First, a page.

After many years of chronic civil war, on 14 June 1632 Emperor Susenyos issued a formal declaration that those who would follow the Catholic faith were allowed to do so, but no one would be forced to do so any further. Patriarch Mendes could only confirm that this was, indeed, the actual will of the Emperor, his protector.[9] Upon succeeding his father, Fasilides first confined the Catholic hierarchy to Fremona, then in 1634 exiled the Patriarch and several of the foreign priests from Ethiopia, who were exposed to robbery, assaults and other indignities by the local population before reaching the Ottoman Naib at Massawa. The Naib sent them to his superior at Suakin, where the Pasha forced the party to pay a ransom before they could proceed to India. Despite settling for a ransom of 4300 patacas (which he borrowed from local Banyan merchants), at the last moment the Pasha insisted on keeping Patriarch Mendes, two priests, three cleric and two of his servants. Amongst those who departed Suakin 26 August was Jerónimo Lobo.[10] These were kept prisoner until Mendes managed to raise 4000 pieces of eight as their ransom, and the Pasha put them on a ship bound for Diu 24 April 1635. They reached Diu a month later, and Mendes immediately continued on Goa, where he unsuccessfully sought military support for his restoration.[11] He appears to have spent the rest of his life in Goa, where he wrote his book on Ethiopian history and geography and the Jesuit mission in Ethiopia, Expeditionis Aethiopicae.[12] His letters and annual reports in Latin appear in other volumes of the series Rerum Aethiopicarum Scriptores Occidentales.[13]

References[edit]

  1. ^ Wallis Budge, A History of Ethiopia: Nubia and Abyssinia, 1928 (Oosterhout: Anthropological Publications, 1970), p. 390
  2. ^ Merid Wolde Aregay, "The Legacy of Jesuit Missionary Activities in Ethiopia," in The Missionary Factor in Ethiopia: Papers from a Symposium on the Impact of European Missions on Ethiopian Society, ed. Getatchew Haile, Samuel Rubenson, and Aasulv Lande (Frankfurt: Verlag, 1998); Hervé Pennec, Des Jésuites Au Royaume Du Prêtre Jean (Éthiopie): Stratégies, Rencontres Et Tentatives D'implantation 1495–1633 (Paris: Fundação Calouste Gulbenkian, 2003).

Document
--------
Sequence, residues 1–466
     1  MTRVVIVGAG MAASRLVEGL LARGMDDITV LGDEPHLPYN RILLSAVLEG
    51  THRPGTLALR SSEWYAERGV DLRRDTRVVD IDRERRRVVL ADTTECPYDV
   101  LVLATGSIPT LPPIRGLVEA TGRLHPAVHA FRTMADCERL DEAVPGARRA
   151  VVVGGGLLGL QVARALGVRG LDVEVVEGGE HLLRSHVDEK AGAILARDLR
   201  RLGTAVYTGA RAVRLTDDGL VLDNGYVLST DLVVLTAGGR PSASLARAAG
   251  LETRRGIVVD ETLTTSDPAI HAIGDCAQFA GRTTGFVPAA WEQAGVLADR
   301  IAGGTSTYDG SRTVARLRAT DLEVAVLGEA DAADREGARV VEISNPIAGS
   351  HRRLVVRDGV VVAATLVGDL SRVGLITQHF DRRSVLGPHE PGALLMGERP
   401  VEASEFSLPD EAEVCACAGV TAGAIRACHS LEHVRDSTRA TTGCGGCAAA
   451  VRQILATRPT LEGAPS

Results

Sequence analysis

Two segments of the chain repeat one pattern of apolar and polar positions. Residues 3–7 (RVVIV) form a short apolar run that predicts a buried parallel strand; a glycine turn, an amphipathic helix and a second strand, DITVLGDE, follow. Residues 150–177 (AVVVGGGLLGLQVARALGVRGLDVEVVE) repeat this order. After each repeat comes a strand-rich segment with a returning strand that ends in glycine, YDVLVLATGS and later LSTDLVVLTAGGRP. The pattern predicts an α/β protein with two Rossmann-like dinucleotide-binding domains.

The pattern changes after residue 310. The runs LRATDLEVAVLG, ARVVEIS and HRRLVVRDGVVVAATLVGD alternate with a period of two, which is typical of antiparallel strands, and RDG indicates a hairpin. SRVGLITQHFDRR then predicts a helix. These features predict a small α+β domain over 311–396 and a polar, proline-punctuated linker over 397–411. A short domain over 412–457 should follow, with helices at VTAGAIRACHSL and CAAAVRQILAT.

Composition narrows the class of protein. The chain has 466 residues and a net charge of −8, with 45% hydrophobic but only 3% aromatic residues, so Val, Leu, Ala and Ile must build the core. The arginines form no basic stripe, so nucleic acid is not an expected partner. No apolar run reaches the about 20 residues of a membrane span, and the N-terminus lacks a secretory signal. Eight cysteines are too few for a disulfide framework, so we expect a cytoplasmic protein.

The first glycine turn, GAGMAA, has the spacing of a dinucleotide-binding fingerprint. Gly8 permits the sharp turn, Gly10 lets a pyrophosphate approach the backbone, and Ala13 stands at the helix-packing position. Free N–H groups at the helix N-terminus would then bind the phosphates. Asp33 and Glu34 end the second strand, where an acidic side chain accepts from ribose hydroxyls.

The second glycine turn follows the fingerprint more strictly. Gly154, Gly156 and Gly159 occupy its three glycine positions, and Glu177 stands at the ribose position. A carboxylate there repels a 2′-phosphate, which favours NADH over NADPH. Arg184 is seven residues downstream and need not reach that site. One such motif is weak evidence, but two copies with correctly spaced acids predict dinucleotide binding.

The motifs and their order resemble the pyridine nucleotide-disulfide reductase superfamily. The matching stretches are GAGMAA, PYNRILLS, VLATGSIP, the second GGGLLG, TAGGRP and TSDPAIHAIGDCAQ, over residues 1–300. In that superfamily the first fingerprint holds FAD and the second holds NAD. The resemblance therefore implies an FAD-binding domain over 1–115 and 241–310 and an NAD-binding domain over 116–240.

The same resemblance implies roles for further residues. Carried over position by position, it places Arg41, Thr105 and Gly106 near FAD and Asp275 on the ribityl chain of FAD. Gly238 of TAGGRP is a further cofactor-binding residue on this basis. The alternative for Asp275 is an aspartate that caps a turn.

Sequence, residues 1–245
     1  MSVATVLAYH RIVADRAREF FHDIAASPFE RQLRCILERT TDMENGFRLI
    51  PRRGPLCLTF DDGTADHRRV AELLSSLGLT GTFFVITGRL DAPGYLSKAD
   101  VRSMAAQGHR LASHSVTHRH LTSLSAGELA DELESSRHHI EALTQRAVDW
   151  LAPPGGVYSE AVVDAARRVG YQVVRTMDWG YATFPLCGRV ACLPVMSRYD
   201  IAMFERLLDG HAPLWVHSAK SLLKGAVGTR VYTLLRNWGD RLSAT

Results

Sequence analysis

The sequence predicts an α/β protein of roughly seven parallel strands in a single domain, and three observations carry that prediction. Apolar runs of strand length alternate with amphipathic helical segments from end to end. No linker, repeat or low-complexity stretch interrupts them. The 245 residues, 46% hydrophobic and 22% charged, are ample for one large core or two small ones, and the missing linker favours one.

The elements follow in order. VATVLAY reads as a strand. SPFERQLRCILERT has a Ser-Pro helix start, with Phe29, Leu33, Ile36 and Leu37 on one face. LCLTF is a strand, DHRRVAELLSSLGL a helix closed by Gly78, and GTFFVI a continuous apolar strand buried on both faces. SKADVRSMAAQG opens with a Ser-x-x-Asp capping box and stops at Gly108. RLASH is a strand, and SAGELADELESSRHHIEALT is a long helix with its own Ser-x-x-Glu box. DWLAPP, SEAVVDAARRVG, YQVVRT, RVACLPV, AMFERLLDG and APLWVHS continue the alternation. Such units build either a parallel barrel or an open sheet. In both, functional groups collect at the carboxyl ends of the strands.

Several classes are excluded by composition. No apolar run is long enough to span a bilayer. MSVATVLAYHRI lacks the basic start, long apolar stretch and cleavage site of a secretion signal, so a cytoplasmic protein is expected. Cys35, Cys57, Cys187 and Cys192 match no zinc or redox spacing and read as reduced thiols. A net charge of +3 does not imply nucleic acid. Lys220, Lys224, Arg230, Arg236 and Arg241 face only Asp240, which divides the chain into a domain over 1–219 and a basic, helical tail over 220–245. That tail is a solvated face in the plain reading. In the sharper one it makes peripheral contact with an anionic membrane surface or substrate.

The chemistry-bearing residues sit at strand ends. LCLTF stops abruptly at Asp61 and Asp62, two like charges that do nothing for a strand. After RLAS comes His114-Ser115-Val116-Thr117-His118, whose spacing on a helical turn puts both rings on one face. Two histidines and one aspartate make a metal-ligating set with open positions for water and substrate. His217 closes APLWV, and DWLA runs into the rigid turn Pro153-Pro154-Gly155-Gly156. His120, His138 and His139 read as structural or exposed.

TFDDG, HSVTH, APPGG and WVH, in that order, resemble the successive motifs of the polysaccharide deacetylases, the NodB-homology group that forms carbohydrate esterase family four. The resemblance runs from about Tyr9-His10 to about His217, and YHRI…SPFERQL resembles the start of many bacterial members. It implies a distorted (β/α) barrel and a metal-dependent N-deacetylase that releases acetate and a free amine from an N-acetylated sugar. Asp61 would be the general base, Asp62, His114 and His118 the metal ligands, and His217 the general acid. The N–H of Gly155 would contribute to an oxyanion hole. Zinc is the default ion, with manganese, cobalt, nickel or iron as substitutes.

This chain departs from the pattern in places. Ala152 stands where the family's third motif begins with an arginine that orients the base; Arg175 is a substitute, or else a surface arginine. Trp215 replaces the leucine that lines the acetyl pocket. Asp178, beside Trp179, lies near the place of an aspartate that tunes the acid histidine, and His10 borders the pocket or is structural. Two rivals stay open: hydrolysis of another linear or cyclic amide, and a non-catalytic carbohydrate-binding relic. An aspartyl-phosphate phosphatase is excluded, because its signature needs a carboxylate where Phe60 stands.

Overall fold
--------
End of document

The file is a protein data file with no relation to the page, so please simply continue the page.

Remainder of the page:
3. ^ Diccionário ou Noticia Histórica de todas as Cidades, Villas, Lugares (...). Retrieved 1 November 2011. 
  4. ^ Baltazar Téllez, The Travels of the Jesuits in Ethiopia, 1710 (LaVergue: Kessinger, 2010), p. 224
  5. ^ Téllez, Travels, p. 226
  6. ^ Mendes' journey from Diu to Fremona is described in Jerónimo Lobo, The Itinerário of Jerónimo Lobo, translated by Donald M. Lockhart (London: Hakluyt Society, 1984), pp. 71–153
  7. ^ Téllez, Travels, p. 233
  8. ^ Pankhurst, The Ethiopians: A History (Oxford: Blackwell, 2001), p. 107
  9. ^ James Bruce, Travels to Discover the Source of the Nile (1805 edition), vol. 3 pp. 403ff
  10. ^ An account of the exile and expulsion of Mendes and the other Jesuits can be found in Lobo, The Itinerário, pp. 251–285
  11. ^ Téllez, Travels, p. 260
  12. ^ Mendes, Alphonso. Expeditionis Aethiopicae. Edited by Camillo Beccari. 15 vols. Vol. 8 & 9, Rerum Aethiopicarum Scriptores Occidentales Inediti a Saeculo Xvi Ad Xix. Rome: Printed for C. de Luigi, 1908.
  13. ^ Beccari, Camillo, ed. Relationes Et Epistolae Variorum. 15 vols. Vol. 10-14, Rerum Aethiopicarum Scriptores Occidentales Inediti a Saeculo Xvi Ad Xix. Rome: C. de Luigi, 1910.